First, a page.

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The Carolinas are a pleasant place for many to retire. Both North and South Carolina are in the top five for net migration of people 60 and older, according to the Census Bureau. According to a report on Kiplinger, North Carolina was the No. 3 place to retire behind Florida (No. 1) and Arizona (No. 2). The state of South Carolina was No. 5, behind Texas (No. 4). These statistics are from the year 2018.

According to a recent report from Kiplinger, retirees that moved to the Carolinas were interviewed in order to compile a list of 8 things you should know about retiring in the Carolinas. Real estate agents also commented on this feature. Here are 8 things you need to know ranked highest to lowest about retiring in North Carolina or South Carolina.

  • 8. Head for the Hills in North Carolina

    Located atop the Blue Ridge Mountains, Asheville’s charm, laid-back vibe, and four distinct seasons make it a popular retirement destination. There are many options for housing in Asheville: historic neighborhoods, downtown condos, and retirement communities. But mountain lovers shouldn’t limit themselves to Asheville. A number of nearby small towns are also charming and extremely affordable, including Hendersonville, Weaverville, Black Mountain, and Brevard.

  • 7. Myrtle Beach Area is Popping

    I grew up in New Jersey living on an inlet, so this probably would be the spot I would retire if I had to choose. There are several dozen active adult retirement communities in the Myrtle Beach area. This is the perfect place for golfers and beach lovers. The Grand Strand, a 60-mile stretch of beach along the Carolina coast around Myrtle Beach, is a great place for retirees to find plenty of beaches to explore. Local retirees also frequent beaches around Hilton Head, especially in the fall when tourism drops.

  • 6. Go For 55 and Older Communities

    There are numerous over-55 active adult communities in and around the Carolinas that are actively recruiting retirees. Local governments are friendly to developers of these communities. The Gables at Kepley Farm and Pinehurst Trace are both popular retirement communities in North Carolina. Brevard and Asheville are popular retirement towns in North Carolina, as are New Bern and Oak Island, as well as Southport, Carolina Beach, and Chapel Hill. As well as popular retirement destination towns such as Georgetown, Spartanburg, West Columbia, Greenville, and Hilton Head Island, South Carolina has a number of retirement communities.

  • 5. Following the Kids

    I never in my life heard of a baby-chaser, but apparently, it is a thing. Kiplinger points out that baby boomers are following their children (and grandchildren) who are moving to the Carolinas for lucrative jobs, usually in Charlotte, according to market research firm Meyers Research. I would just call this an overprotective parent/grandparent. Charlotte ranked No. 1 on the baby-chaser index for 2018 and 2020, is home to companies such as Bank of America, Lowes, and Red Ventures.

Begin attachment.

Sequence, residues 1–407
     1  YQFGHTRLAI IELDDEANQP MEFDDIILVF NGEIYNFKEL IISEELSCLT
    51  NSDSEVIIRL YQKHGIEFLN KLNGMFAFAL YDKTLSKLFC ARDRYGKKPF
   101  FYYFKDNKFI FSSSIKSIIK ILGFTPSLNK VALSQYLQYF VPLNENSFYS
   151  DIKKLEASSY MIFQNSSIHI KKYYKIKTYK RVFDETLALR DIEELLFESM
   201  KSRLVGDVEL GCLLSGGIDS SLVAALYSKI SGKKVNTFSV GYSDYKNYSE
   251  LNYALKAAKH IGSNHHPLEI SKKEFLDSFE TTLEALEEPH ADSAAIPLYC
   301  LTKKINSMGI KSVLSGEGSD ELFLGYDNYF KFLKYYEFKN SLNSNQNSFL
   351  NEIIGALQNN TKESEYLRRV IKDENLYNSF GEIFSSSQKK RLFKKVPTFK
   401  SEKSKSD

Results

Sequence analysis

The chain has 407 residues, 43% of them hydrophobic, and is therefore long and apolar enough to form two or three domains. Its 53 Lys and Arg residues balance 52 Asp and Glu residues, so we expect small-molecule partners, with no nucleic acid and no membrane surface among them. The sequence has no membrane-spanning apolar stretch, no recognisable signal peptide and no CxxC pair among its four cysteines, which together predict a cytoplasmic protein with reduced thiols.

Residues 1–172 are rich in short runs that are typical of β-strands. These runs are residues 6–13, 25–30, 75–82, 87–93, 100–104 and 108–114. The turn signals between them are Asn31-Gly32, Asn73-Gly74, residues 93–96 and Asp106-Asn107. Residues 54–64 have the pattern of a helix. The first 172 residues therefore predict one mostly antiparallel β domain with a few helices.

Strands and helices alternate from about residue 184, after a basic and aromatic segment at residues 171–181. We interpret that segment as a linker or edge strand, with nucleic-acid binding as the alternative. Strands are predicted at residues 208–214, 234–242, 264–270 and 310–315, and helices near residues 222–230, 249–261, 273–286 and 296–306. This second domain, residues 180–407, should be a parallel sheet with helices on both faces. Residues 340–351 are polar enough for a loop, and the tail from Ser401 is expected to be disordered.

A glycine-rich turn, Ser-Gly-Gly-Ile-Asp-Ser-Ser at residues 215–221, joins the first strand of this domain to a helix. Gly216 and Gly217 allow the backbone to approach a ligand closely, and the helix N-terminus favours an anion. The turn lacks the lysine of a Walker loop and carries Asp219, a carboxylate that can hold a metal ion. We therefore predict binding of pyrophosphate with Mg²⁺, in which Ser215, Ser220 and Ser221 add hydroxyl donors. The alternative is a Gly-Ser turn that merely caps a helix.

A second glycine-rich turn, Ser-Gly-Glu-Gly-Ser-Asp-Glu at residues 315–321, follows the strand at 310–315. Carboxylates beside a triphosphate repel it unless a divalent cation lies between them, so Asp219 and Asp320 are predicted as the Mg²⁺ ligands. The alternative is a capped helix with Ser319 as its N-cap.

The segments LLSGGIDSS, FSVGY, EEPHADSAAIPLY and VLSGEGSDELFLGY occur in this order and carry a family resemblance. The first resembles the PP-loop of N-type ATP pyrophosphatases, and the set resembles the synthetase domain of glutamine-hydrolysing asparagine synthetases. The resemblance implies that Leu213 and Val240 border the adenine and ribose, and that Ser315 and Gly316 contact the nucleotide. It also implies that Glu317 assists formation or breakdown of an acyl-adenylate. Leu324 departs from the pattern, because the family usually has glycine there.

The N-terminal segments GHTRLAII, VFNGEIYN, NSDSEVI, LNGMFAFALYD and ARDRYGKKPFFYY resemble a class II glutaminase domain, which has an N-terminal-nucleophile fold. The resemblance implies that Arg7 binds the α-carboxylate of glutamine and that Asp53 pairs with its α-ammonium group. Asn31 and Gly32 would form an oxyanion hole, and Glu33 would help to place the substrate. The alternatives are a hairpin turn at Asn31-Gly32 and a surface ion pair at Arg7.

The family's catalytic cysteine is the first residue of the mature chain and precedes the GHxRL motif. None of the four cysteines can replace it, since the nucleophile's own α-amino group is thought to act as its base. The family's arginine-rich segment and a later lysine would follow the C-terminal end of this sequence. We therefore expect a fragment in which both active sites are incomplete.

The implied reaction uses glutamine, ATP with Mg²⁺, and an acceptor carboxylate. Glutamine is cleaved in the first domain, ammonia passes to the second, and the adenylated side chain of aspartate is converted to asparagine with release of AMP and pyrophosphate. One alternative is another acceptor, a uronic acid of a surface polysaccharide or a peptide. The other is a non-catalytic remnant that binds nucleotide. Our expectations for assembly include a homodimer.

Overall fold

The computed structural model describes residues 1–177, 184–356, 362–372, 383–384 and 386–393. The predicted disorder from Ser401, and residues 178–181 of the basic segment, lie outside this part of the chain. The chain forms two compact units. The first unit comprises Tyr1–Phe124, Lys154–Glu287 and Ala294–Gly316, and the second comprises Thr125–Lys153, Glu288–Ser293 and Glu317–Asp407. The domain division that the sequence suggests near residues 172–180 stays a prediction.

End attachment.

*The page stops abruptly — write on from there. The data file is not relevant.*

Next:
• 4. Hurricanes Mean You Might Have to Evacuate

    North Carolina and South Carolina are no strangers to hurricanes. The Hurricanes are, after all, the region’s professional hockey team. (And yes, I am a big hockey fan!) If you move to the Carolinas by the coastal areas, you need to make sure you can handle the flood insurance and anxiety of possible hurricane damage.

  • 3. You Can Go Back to College for Free as a Retiree in the Carolinas

    I didn’t know this, but it’s awesome. On a space-available basis, students 65 and older can attend tuition-free classes at the University of North Carolina, as well as the state’s community colleges. Additionally, there are no registration fees, but there may be an application fee, depending on the college. Every semester, residents 65 and older can take up to six hours of credit courses at the state’s community colleges for free. The state of South Carolina offers free tuition to seniors 60 and older who apply on a space-available basis to any state-funded college. Both credit and audit courses are included. The school you’re interested in attending will require you to apply for enrollment, and any course fees, textbooks, and other materials will need to be paid.

  • 2. South Carolina Is Tax-Friendlier to Retirees Than North Carolina

    On Kiplinger.com, you can find the Retiree Tax Map — a state-by-state look at taxes on retirement income, state sales taxes, property tax breaks for seniors, and more. Learn how retirees are taxed in North Carolina here and in South Carolina here.

  • 1. The Carolinas Are a Popular ‘Halfback’ Destination

    The Carolinas and other states of the mid-South have been flooded with retirees for years. Some are northerners who chose the Carolinas as their retirement destination. Another group are those who initially thought Florida would be their retirement destination, landed there, and then decided to return halfway back, either to enjoy the four seasons in the Blue Ridge mountains or enjoy the mild weather along the Carolina beach fronts.